"Bergdahl could easily come forth and thank his rescuers, stress his relief at being back in the United States, and then say he's prepared to cooperate with the coming military inquiry into the circumstances of his capture that Pentagon officials have promised because of persistent rumors that he deserted his base before falling into Taliban hands. But there's good reason for the White House to fret that Bergdahl might wind up saying something else entirely -- sympathize with the Taliban or even mildly criticize the war -- and that his comments, which would attract enormous media attention, would make it even harder for the administration to justify the prisoner swap." More here.

Bergdahl remains at the U.S. military's medical facility in Landstuhl, Germany and continues to recover after his release over the weekend. Pentagon officials said Thursday that he remains in stable condition and his doctors believe his health has been improving daily. "Sergeant Bergdahl is conversing with medical staff and becoming more engaged in his treatment care plan," Col. Steve Warren, a Pentagon spokesman, told Situation Report. "He is getting better and showing signs of improvement."

Bergdahl, who has yet to speak with his parents, Robert and Jani, remains in what the military terms "phase two" of his reintegration from captivity, which can last between a few days and a few weeks or more. There's no way yet to know when Bergdahl would be released from the facility in Germany. Ultimately, he'll be transferred to Brooke Army Medical Center in Texas, where he would be expected to reunite with his family and begin the "third phase" of his reintegration treatment. Six years ago, three American civilians rescued from the Colombian jungle after years of captivity with the Revolutionary Armed Forces of Colombia, or FARC, spent several weeks at Brooke after they were rescued.

Was there more to the deal than just the five detainees? Rep. Duncan Hunter wants more answers from McRaven, Brennan and Comey. Hunter, the California Republican, suspects that there might be more to the Bergdahl-for-five-detainee swap, that a payment might have also been made, and wants answers. The White House has said any such notion is "completely false," and indeed it sounds far-fetched. But as the onion is peeled back on the deal, there remains a question about what the Haqqani network got out of it. In a letter Hunter sent yesterday to SOCOM's McCraven, the CIA's Brennan and the FBI's Comey and obtained exclusively late yesterday by Situation Report: "...As you know, Bergdahl, throughout his five years in captivity, was in the custody of the Haqqani network, even though the Taliban, due to its relationship with Haqqani, negotiated Bergdahl's release. It is my understanding that a transfer occurred that possibly included payment to Haqqani from the Taliban for the receipt of Bergdahl."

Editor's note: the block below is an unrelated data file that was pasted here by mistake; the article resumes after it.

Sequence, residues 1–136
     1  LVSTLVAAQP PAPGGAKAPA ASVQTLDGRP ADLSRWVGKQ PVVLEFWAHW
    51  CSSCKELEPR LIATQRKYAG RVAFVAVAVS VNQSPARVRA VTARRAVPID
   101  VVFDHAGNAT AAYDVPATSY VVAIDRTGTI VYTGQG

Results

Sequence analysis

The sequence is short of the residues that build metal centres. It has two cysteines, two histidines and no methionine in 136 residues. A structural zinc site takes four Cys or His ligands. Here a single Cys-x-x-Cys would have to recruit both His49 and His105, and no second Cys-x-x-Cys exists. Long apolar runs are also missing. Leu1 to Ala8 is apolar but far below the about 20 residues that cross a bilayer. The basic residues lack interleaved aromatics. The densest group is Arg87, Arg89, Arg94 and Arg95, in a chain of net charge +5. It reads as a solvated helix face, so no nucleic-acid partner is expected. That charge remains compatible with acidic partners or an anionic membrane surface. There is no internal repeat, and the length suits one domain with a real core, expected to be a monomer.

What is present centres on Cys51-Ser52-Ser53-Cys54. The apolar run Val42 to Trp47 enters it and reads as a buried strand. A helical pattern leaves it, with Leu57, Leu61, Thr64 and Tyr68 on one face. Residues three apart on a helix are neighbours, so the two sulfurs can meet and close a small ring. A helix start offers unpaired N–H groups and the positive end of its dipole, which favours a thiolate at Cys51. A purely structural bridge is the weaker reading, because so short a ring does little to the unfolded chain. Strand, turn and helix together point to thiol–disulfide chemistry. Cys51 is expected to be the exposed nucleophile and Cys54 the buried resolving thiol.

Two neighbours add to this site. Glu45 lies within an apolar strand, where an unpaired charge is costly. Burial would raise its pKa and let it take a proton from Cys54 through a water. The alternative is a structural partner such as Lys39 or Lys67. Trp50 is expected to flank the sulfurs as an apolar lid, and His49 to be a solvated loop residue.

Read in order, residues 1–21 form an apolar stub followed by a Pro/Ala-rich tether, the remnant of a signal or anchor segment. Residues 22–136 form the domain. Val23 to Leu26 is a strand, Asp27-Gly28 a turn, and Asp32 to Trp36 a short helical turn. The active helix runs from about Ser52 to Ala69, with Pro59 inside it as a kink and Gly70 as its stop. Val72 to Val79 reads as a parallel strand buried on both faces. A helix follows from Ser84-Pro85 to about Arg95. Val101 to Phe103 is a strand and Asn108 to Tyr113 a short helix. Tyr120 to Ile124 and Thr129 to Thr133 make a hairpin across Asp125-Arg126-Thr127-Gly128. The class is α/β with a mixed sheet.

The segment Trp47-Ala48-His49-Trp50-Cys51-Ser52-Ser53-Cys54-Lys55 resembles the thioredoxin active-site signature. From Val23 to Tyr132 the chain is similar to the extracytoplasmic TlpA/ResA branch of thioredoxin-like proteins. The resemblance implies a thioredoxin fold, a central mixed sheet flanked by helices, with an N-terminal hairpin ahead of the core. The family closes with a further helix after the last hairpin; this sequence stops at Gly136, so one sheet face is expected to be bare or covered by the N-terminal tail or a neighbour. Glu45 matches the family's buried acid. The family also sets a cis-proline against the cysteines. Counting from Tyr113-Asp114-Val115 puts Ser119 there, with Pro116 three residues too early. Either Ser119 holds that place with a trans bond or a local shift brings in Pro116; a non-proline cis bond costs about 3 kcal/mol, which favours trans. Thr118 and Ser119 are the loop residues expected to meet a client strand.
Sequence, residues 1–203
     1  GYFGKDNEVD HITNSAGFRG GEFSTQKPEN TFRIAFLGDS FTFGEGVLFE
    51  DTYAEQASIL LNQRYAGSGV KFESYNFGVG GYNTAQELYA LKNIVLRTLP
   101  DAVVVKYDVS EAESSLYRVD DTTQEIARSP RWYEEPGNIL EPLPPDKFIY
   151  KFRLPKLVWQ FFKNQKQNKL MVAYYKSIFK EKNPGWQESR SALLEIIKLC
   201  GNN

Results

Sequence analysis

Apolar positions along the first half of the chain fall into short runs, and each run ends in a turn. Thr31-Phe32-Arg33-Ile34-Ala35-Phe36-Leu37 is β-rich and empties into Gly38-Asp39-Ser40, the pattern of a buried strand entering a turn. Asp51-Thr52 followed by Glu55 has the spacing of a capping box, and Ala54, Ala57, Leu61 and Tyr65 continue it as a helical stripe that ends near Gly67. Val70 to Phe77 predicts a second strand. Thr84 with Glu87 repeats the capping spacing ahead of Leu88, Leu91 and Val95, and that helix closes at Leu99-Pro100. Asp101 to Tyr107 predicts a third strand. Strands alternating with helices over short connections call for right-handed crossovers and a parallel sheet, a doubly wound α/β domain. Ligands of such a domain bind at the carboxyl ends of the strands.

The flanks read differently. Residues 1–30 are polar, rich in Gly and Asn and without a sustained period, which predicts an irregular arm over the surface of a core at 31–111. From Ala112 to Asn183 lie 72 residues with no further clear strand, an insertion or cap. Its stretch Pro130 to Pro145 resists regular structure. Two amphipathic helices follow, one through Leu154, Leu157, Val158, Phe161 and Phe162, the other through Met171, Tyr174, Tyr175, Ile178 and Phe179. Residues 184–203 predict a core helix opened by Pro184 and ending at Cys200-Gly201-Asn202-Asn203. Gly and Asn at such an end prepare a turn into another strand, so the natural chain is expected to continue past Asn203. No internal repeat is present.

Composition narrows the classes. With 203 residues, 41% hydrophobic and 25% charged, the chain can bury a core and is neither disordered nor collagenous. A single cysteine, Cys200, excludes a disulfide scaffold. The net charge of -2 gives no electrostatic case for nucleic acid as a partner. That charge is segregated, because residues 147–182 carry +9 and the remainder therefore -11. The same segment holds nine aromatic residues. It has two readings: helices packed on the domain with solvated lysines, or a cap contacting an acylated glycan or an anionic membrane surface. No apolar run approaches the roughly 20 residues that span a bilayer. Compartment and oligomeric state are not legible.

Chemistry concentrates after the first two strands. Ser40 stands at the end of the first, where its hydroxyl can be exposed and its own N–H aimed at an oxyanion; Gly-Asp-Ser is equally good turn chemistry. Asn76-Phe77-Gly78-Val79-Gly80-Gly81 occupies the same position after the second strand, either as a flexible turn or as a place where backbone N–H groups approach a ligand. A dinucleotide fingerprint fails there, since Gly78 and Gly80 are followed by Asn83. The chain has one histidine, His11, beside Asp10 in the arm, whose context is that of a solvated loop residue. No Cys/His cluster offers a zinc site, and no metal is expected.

FYI: As it becomes clearer that Bergdahl deserted his unit - and in fact had wondered off before - here's a look at the number of troops who have gone AWOL - Absent Without Official Leave - or deserted over the years. Keep in mind that troops don't typically desert from a warzone. Nonetheless, in 2012, there were 466; in 2011, 548; in 2010, 625; in 2009, 647; in 2008, 1,513; in 2007, 1,571; in 2006, 1,575; in 2005, 948; in 2004, 1,866; in 2003,  1,295; in 2002, 1,698; and in 2001, there were 1,898 troops who went AWOL or deserted their unit. All told between 2001 and 2012 - 14,650 people.

Welcome to Friday's edition of Situation Report, where anniversaries are usually not a big deal. But think for a minute that 70 years ago today, in a far-off place, American troops engaged in what today would be astonishing. From the Army's D-Day Website, to help us remember: "On June 6, 1944, more than 160,000 Allied troops landed along a 50-mile stretch of heavily-fortified French coastline, to fight Nazi Germany on the beaches of Normandy, France. Gen. Dwight D. Eisenhower called the operation a crusade in which, "we will accept nothing less than full victory." More than 5,000 Ships and 13,000 aircraft supported the D-Day invasion, and by day's end, the Allies gained a foot-hold in Continental Europe. The cost in lives on D-Day was high. More than 9,000 Allied Soldiers were killed or wounded, but their sacrifice allowed more than 100,000 Soldiers to begin the slow, hard slog across Europe, to defeat Adolph Hitler's crack troops." More on that here. More on D-Day, including a speech by Gen. Phil Breedlove, below.